Silent march for migrants lost at sea – April 22, 2015
Funerals for 24 victims killed in the worst ever capsizing of a migrant boat in the Mediterranean – April 23, 2015
T. S. Elliot considered April to be “the cruelest month” and it is hard to disagree. With hundreds of lives lost in just six days, April 2015 will be regarded as one of the deadliest periods on record regarding irregular migration via Mediterranean Sea. On April 14th, Save the Children Foundation reported that some 400 people have drowned trying to reach Europe. Before the world had a chance to recover from shock and disbelief, another tragedy has struck. On April 19th, over 600 would be migrants and asylum seekers died after their vessel overturned. Only a handful of survivors have been saved. In the same time Italian rescuers received thirty eight distress calls from twenty different boats bringing to ports over 8000 individuals – men, women and children (some as young as two years old).
The scale of the disaster can only be described as a humanitarian tragedy, biggest maritime incident since the end of WW II. Its implications are hard to imagine at this stage and will surely last decades. We can only theorize about orphaned children and families torn apart but the terrible truth is that we may never know the full impact of loss of so many lives.
In the face of such unprecedented crisis reactions on local level have been both vocal and emotional. Maltese Prime Minister Joseph Muscat said he had nightmares of “bodies floating in the water”. Former PM Laurence Gonzi stated that the incidents were a “shame on us all [in Europe]”. Opposition MEP Roberta Metsola called on other EU member states to “stop bickering while bodies continued to wash up on the beaches”.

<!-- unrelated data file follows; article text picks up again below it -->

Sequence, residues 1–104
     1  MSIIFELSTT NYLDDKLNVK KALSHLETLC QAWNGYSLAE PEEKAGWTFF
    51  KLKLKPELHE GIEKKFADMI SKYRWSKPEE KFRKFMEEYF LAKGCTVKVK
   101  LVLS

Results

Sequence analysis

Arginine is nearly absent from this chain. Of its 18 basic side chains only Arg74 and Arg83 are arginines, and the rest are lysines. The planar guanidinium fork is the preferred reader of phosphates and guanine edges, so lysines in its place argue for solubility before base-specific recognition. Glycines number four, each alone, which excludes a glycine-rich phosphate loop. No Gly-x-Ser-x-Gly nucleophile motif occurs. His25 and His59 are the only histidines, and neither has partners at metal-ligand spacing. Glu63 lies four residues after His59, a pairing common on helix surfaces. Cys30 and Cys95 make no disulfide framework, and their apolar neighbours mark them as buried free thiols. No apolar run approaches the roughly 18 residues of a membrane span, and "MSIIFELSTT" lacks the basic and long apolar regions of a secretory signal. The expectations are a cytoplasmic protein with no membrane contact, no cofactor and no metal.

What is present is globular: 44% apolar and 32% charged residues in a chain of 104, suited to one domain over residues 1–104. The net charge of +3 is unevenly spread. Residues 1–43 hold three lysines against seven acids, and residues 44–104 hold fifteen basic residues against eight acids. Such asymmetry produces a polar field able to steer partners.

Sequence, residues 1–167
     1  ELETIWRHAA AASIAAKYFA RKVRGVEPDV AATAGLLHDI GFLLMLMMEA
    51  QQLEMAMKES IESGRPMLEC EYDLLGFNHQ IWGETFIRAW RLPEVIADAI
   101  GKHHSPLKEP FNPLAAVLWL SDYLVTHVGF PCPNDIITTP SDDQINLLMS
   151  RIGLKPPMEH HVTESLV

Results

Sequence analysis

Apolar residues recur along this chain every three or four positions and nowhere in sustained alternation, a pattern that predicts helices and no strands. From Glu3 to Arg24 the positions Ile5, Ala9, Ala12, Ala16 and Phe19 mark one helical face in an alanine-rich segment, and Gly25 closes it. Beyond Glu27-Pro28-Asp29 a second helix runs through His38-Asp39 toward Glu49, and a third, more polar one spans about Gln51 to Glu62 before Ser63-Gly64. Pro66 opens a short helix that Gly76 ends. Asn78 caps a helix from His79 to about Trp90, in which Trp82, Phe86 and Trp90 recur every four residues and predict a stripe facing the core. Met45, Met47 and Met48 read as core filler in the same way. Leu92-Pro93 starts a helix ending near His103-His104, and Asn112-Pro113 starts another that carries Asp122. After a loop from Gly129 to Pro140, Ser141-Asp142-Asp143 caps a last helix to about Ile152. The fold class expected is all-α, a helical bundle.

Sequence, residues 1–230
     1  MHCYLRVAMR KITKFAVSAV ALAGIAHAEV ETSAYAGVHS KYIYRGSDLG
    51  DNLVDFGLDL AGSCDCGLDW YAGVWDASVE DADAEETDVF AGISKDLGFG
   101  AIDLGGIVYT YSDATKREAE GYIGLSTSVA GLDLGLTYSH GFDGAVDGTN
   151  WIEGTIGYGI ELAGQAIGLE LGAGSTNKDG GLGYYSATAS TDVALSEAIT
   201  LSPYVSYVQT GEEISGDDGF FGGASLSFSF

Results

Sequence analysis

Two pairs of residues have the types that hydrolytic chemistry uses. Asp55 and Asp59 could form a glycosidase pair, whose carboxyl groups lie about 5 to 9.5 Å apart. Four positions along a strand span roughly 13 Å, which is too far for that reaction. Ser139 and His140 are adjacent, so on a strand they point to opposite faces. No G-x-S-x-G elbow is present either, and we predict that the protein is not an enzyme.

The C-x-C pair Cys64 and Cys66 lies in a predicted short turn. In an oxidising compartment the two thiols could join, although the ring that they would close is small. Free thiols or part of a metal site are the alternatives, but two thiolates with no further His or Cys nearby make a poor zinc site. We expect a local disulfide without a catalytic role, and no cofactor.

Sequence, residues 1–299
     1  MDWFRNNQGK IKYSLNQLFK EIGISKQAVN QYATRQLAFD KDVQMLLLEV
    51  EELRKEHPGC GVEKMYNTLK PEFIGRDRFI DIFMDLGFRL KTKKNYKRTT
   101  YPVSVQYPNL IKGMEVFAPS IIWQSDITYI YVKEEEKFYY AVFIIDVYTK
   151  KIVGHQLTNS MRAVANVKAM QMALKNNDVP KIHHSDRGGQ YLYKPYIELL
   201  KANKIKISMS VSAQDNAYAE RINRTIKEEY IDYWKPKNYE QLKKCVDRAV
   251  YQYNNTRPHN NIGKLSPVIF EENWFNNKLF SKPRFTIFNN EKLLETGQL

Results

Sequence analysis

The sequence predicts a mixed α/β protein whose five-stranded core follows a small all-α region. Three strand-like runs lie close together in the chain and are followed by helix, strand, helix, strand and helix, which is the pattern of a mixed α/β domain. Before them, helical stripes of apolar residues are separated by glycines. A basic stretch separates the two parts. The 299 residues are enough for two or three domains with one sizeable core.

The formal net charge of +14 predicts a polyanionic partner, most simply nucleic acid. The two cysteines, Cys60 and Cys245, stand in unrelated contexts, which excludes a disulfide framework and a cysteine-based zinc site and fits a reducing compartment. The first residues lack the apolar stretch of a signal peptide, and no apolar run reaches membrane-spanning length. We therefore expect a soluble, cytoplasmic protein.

Maltese public also remained strongly affected by the events. On April 22, 2015 a silent march has been held in the village of St Julians to commemorate the lives lost at sea. Organized by four activists: Maria Pisani, Erika Borg, Alba Cauchi and Damjan Attard – the march attracted a record number of participants. Over a thousand members of the general public, state officials and activists gathered in front of the Love Monument in St Julians in a show of solidarity. Among those marching were President of Malta Marie Louise Coleiro Preca, Minister of Justice Owen Bonnici, Head of Opposition Simon Bussutil and US Ambassador to Malta Gina Abercrombie-Winstanley, members of various local NGOs and The Ursuline Sisters Order.
Many present held white flowers, candles and hand-made signs. Their message was clear as signs read: “1000 dead in 24 hours. Welcome to Fortress Europe”, “Not MY Europe”, “ People before borders” and “#AllLivesMatter” – a reference to the recent civil protests in United States as most victims of the drowning in Mediterranean have been indeed young men running away from the wars and poverty in their communities. Some posters have been made and carried by children – another sad reminder of the migration crisis. In recent years hundreds of minors have been crossing the sea on their own to reach safety in Europe and their number is rising. One of the bodies recovered from the vessel that overturned on April 19, 2015 belonged to a boy not older than 14.